30 October 2010

Health and D&D: Part Two

The man on the left is about to suffer 1d6 damage.
Let me lay down some heresy real quick today. 

The problem with hit points isn't that weapons do too much damage, or that regular joes have too few hit points, or even that zero hit points shouldn't equal death because that's not how it works in the real world.

The problem with hit points is that they scale shittily. And here's how.

A level one dude, let's say a Fighting Man rolling a d8, has roughly four hit points. That's enough to take a good whack from a mace or a sword and go down. Much like warriors in real life, he's going to avoid letting his enemy strike a telling blow that will fell him. This man is cunning and clever enough to survive these trials and tribulations and acheives level two. Suddenly, the man has 8 hit points- twice as many as before. In a single level, he's doubled his hit points, and at level three, he gains another roughly 4 hit points, to a total of twelve. By the time he hits level four, a Fighting Man with average constitution and average luck will have managed to attain 16 hit points- he's four times as tough as he was before. His possible range of hit points is between 4 and 32.

That's kind of silly. 

It would be interesting if Fighting Men gained a small bonus to health, similar to the +3 bonus they gain instead of an additional hit die after a certain level- what if the first die were the only one rolled? What if all they ever got was the first hit die, and after that they gained a bonus to armor class, or a flat reduction in damage taken?

Hit points act like a sign, "You must be thiiiiis tough to enter!" And that's not cool. It honestly surprises me that in an old-school revolution where dungeon masters and players alike cry "Challenge the players, and not the characters!", that there would be hubbub about skill systems but none about leaning on stacks of hit points to deal with problems. I exaggerate, of course, but really- it means that certain challenges aren't doable unless you have passed certain in-game requirement.

You must be this tall to hug giraffes.
What if health and level were totally disconnected? What if you never got more health, but instead just gained your other class features? Would you have to continue to play cautiously even when just facing more "boring" foes like other humans, and goblins? Would monsters have to be redesigned and rethought so that a challenging fight consisted less of ever-increasing super powers and more so there's a reason that a stupid race of fat cannibals can exist?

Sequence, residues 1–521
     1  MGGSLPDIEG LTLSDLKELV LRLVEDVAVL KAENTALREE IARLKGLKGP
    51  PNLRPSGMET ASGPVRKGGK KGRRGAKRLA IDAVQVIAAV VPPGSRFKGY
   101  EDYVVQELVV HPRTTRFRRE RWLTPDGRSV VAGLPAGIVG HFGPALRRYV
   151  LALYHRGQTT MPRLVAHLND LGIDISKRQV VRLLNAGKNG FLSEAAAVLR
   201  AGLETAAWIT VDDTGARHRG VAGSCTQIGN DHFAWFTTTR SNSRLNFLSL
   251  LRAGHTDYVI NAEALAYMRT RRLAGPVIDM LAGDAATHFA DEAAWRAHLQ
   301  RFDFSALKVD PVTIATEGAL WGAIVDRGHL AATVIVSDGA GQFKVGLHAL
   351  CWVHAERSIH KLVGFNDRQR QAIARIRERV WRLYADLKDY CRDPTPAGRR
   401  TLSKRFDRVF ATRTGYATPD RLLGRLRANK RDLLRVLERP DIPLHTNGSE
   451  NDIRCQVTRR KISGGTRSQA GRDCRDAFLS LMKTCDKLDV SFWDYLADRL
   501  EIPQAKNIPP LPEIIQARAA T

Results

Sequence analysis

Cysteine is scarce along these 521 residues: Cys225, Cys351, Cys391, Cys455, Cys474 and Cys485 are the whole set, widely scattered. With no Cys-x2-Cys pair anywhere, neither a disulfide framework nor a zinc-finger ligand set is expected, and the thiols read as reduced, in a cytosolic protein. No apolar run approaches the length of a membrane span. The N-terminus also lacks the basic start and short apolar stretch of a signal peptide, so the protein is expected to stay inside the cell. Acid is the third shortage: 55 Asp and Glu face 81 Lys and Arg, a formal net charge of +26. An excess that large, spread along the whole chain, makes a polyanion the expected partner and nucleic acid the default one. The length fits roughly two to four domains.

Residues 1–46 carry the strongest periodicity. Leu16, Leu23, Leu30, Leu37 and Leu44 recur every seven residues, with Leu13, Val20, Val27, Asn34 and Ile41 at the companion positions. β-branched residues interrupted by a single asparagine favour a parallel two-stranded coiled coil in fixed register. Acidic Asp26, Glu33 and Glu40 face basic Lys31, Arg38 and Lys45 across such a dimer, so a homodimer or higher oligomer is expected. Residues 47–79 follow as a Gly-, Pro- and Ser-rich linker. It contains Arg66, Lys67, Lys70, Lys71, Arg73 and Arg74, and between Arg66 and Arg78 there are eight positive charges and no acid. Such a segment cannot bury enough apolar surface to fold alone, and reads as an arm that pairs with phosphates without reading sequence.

Would we ever have to make players go in a goblin warren ever again?

29 October 2010

Health and D&D

Just a flesh wound?
Much greater bloggers than I (Alexis and JB from The Tao of D&D and B/X Blackrazor, respectively) have a minor disagreement (possibly) over how tough low level humans are, and what the possible ramifications are.

I talked it over with my buddy Tony, and we came to the same conclusion that Alexis did; humans are pretty tough to kill, overall, and not even your average firearm will kill a man in one hit. This is a fairly common fact, actually; firearms simply do not kill men frequently. They wound, disable, and stop. I heard a story once that the reason that the US military switched to 9mm bullets as opposed to the (unspecified) smaller calibre pistols they had used beforehand was that the 9mm bullet would stagger even the largest and most berserk of attackers, and drop them when hit in the center of mass.

And as for the common 5.56 round used in M16s and M4s, it has a similar purpose. It's common knowledge that older rifles had a significantly larger round to produce more stopping power and increase range, but many people question why we would use the smaller round when it has less killing power.

The answer, of course, is that we're not trying to kill the people. Which sounds silly, but we're really not. We're trying to disable them, so they quit fighting. The smaller round means that we can carry more ammunition on each and every soldier, so we can disable yet more enemies. It's beautiful. The fact that the rounds fragment and tumble is entirely irrelevant.

It makes intuitive sense that medieval warfare would be the exact same way. Combat is not to the death, but to the disable. If you've stabbed a man in the chest, as long as he no longer wishes to fight, it doesn't matter if he'll make it or if he bleeds out. You've defeated him, and now it's time to move on.

So I guess my position is somewhere in between. I don't see a problem with 1d4 hit points, when you consider that zero hit points doesn't mean death, it means disabled, and that a man can be brough back from near death with medicine, time, and a little luck. And I don't honestly see a problem with zero level humans having more hit points, although I've never particularly been a big fan of hit points as health. You can look at my house rules for wounds for a little bit on this. I've long been toying with the idea that only hit points at first level are actual "health" and that maybe you only get the one level of actual hit points and everything else just adds, I dunno, some sort of other toughness type thing and it's only a flesh wound until you get to actual health. It's what I was trying to do with a simple wound system, anyways.